Pazuzu Algarad

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Pazuzu Algarad
BornJohn Alexander Lawson
(1978-08-12)August 12, 1978
San Francisco, California
💀DiedOctober 25, 2015(2015-10-25) (aged 37)
Central Prison, Raleigh, Wake County, North CarolinaOctober 25, 2015(2015-10-25) (aged 37)
Cause of deathSuicide
Resting placeNot revealed
🏳️ Nationality
Pazuzu Ilah Algarad
🏫 Education8th grade
💼 Occupation
TelevisionThe Devil You Know
Criminal statusParoled

Pazuzu Algarad (Arabic: بازوزو اله الجراد‎ 1978–2015), was an American serial killer responsible for the murder of three men. Born as John Alexander Lawson, Pazuzu legally changed his name in 2002 to conform with his satanist beliefs. He committed suicide in jail to escape conviction of his crimes. He had previously sharpened his teeth and used these to bite a vein in his arm.

In 2012, he was convicted as an accessory after the fact, after a shooting death in Dohanna Park near the Yadkin River in 2010.[1] In 2014, he was arrested after skeletal remains were discovered in shallow graves in his backyard.[2] His girlfriend was arrested as well. She was charged and later convicted for her role in the deaths.[3]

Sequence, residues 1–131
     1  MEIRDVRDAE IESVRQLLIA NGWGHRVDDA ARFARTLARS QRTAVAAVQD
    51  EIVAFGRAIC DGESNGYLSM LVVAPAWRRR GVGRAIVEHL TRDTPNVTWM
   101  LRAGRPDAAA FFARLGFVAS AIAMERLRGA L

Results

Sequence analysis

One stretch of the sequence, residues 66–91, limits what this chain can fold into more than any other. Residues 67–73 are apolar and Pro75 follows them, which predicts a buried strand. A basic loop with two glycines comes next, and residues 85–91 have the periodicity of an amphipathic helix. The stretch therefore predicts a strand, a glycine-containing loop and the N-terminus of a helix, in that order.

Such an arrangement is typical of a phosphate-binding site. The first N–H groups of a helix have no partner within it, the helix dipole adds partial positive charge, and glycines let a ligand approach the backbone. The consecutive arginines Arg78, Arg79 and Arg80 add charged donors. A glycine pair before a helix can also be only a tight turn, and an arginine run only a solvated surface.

He lived at a house at 2749 Knob Hill Drive in Clemmons, North Carolina, with his mother. The house was demolished in 2015[4], after being declared unfit for human occupation.[5]

Following his death, he became the subject of a documentary called The Devil You Know.[6]

References[edit]

  1. "Two men charged in death of man found at Yadkin park". Winston-Salem Journal. Oct 7, 2010.
  2. Alex Heigl (October 10, 2014). "Three Suspects Arrested After Skeletal Remains Found in North Carolina Backyard". PEOPLE.com.
  3. Hewlett, Michael (Mar 9, 2017). "Girlfriend of avowed Satanist Pazuzu Algarad sentenced for killing one man, helping bury another at Clemmons home". Winston-Salem Journal.
  4. "Pazuzu Algarad's House". www.morbidtourism.com.
  5. Craver, Richard (Apr 24, 2015). "Clemmons house where human remains found is demolished". Winston-Salem Journal.
  6. Clodfelter, Tim (25 Aug 2019). "TV series on Pazuzu Algarad case aims to examine failures that allowed murders to happen". Greensboro News and Record.


External Links[edit]


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